• Together with the preposition εκ (ek), meaning out or from: the verb εκπτυω (ekptuo), meaning to spit out (Galatians 4:14 only).
  • Together with the preposition εν (en), meaning in, at, on: the verb εμπτυω (emptuo), meaning to spit at or on. This verb is used 6 times; see full concordance, five of which describe the Roman soldiers spitting into Jesus' face.
  • The noun πτυον (ptuon), which would literally be a thing to "spit" with, but which in practice described a winnowing shovel with which a worker would toss up a scoop of grain so that the wind could blow away dust and chaff (like spitting inedible debris from one's mouth). This word appears only twice in the New Testament (Matthew 3:12 and Luke 3:17 only), but crucially also in the Iliad (13.588) in the scene which describes the duel between Menelaos and Helenos: Helenos shot an arrow, but it glanced off the breastplate of Menelaos, like beans from a winnowing shovel, and didn't harm him. Menelaos in turn hurled a spear, which pierced the hand of Helenos, who subsequently had to retreat.
  • The noun πτυσμα (ptusma), meaning spittle (John 9:6 only).

The verb πτυσσω (ptusso) means to fold up. In the classics this rare verb is mostly used to describe the folding up of fine clothes in preparation for a journey (Od.1.439, 6.111, 6.252). On rare occasions it may describe the folding of arms or the wrapping of bandages. It's not clear where this word comes from, but the noun πτερυξ (pterux), meaning wing, may have come to the mind of creative poet. Here at Abarim Publications we further suspect that our verb may have to do with the former, in that it marks a separation and storage of select clothes, the way one would fold and store select information or select food items. This verb occurs in the New Testament in Luke 4:20 only, where Jesus "folds up" (rolls up or closes) the book of Isaiah he had been reading from. The closing of the book corresponds with the closing of one's mouth, after which one chews (contemplates) that what was bitten off. From this verb derives:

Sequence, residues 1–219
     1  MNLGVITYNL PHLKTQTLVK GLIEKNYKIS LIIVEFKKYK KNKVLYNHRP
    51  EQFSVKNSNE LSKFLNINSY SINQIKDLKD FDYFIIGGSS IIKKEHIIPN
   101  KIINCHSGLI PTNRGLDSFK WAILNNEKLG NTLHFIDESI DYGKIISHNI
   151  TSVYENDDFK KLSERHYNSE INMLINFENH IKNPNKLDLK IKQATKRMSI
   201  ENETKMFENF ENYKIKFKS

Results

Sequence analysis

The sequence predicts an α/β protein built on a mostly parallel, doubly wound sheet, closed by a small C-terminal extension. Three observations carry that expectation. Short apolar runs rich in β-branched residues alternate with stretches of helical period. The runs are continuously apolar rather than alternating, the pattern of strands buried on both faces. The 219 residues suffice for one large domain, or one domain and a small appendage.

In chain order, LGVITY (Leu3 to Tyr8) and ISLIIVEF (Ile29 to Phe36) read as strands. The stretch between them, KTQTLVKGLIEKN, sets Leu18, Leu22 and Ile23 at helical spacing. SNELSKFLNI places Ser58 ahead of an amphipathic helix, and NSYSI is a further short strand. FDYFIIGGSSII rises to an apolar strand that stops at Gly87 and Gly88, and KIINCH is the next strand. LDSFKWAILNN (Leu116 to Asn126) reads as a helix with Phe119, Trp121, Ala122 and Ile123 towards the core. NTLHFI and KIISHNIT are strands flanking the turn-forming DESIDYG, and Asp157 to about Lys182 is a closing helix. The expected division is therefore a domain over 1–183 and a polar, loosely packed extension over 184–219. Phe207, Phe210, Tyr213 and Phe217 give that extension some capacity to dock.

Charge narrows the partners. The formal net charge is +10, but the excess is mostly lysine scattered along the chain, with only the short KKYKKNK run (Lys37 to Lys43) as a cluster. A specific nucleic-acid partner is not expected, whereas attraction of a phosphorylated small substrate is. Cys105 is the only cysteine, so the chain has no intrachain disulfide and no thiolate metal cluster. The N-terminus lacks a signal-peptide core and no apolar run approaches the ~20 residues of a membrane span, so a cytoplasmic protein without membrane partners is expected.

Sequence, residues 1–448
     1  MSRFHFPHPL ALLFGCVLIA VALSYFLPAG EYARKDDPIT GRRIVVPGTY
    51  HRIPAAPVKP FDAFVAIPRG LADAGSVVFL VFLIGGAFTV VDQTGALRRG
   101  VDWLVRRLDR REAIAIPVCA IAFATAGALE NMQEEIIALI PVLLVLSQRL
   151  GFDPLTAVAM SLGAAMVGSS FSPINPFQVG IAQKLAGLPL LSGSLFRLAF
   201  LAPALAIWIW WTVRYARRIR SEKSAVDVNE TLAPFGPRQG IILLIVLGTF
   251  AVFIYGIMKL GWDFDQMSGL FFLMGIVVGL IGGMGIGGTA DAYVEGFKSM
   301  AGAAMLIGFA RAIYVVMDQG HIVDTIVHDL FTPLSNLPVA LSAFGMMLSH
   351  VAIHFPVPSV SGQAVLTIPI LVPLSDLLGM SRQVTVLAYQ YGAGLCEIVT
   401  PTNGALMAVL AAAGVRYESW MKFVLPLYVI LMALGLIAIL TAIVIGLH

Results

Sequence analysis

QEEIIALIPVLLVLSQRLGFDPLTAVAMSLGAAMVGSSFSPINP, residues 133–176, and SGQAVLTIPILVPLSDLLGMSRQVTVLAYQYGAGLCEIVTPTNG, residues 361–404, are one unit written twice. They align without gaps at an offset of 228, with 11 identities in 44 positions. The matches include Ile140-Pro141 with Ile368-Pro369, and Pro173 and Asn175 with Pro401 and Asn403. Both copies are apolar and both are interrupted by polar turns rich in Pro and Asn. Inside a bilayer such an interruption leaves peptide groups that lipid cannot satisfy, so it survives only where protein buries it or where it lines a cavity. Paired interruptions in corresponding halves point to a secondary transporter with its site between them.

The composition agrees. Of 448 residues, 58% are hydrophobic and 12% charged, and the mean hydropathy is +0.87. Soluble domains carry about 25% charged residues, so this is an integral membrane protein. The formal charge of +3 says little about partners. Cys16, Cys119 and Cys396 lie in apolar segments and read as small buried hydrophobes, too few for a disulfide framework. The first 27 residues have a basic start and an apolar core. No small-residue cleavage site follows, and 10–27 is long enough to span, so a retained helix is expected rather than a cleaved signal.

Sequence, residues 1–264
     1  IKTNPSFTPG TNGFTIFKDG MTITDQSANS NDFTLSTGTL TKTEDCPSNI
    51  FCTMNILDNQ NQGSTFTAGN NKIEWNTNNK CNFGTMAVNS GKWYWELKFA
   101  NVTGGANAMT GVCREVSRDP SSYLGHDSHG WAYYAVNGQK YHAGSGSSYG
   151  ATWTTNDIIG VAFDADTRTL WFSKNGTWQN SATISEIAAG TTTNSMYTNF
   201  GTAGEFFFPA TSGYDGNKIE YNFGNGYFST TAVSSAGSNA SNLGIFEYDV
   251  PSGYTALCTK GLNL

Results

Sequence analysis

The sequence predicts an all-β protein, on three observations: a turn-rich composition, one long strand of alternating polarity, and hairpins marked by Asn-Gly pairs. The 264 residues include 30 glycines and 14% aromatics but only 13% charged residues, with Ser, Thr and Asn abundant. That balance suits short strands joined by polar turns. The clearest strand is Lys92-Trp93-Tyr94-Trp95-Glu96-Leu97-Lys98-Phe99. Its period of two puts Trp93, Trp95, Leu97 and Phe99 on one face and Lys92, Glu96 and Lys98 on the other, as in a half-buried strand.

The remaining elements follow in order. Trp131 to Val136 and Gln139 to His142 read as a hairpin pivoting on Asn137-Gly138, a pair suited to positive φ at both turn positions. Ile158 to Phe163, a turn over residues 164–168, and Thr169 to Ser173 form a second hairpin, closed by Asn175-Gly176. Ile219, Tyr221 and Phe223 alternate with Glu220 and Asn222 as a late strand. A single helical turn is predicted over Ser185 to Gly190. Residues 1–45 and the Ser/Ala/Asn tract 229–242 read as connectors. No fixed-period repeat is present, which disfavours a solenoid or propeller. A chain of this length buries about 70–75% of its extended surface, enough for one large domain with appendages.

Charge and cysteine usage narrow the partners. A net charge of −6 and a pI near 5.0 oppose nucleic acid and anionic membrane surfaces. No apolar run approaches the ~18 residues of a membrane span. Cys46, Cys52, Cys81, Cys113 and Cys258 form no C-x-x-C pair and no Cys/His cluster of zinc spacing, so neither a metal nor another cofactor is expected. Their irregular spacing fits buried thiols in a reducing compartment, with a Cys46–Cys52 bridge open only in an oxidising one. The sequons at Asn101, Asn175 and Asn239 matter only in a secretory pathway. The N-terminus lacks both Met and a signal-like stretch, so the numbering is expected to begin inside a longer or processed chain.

• Together with the preposition ανα (ana), meaning on or upon: the verb αναπτυσσω (anaptusso), meaning to un-fold or rather un-roll (Luke 4:17 only). Note that Luke's use of this and the previous word suggest a similarity between the two lips of a mouth and the two rolls of a book scroll: when unrolled, the mouth speaks, but when rolled back up, the mouth closes and the audience chews.

The verb πτοεω (ptoeo) means to terrify or frighten, or rather more general: to be very excited, to flutter and bounce around because of uncontrollable excitement (usually but not exclusively negative). This relatively rare and specific verb is thought to be related to the verb πτωσσω (ptosso), to cower away (see further below), but it obviously also relates to πτυω (ptuo), spitting as a sign of rejection or fear. Our English verb "to consternate" and noun "consternation" stem from the Latin sterno, meaning to spread out, which obviously corresponds to the above. Our verb is used in Luke 21:9 and 24:37 only, and from it comes:

  • The noun πτοησις (ptoesis), which describes the condition associated with the verb: terror, uncontrolled excitement, consternation (1 Peter 3:6 only).

The verb πτυρομαι (pturomai) also means to excite, alarm or startle (of horses), and although it's not perfectly clear how this verb came about, it obviously fits right in. It's rare in the classics, and in the New Testament used in Philippians 1:28 only.


The adjective πτωχος (ptochos) means crouching, cowering or shrinking away and derives from the unused verb πτωσσω (ptosso), which describes the behavior of birds and other small and frightened creatures who commonly try to hide away. In the Greek classics this verb was occasionally applied to people shirking or cringing away from other people, but the adjective specifically attached itself to the proverbial "poor", although that translation misses the point. Instead, it describes the destitute: our English word "destitute" comes from the Latin elements "de-" and "status", and means disenfranchised or forsaken. When Jesus said: "eli, eli, lama sabachthani" or "my God, my God, why have you forsaken me" he wasn't asking God for information but his audience to contemplate his condition.